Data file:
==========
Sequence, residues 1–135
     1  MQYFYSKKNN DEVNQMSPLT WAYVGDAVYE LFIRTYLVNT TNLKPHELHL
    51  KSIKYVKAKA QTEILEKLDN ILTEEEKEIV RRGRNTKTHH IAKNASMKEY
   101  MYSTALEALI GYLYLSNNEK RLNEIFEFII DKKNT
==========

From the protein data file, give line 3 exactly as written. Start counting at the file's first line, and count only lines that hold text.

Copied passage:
    51  KSIKYVKAKA QTEILEKLDN ILTEEEKEIV RRGRNTKTHH IAKNASMKEY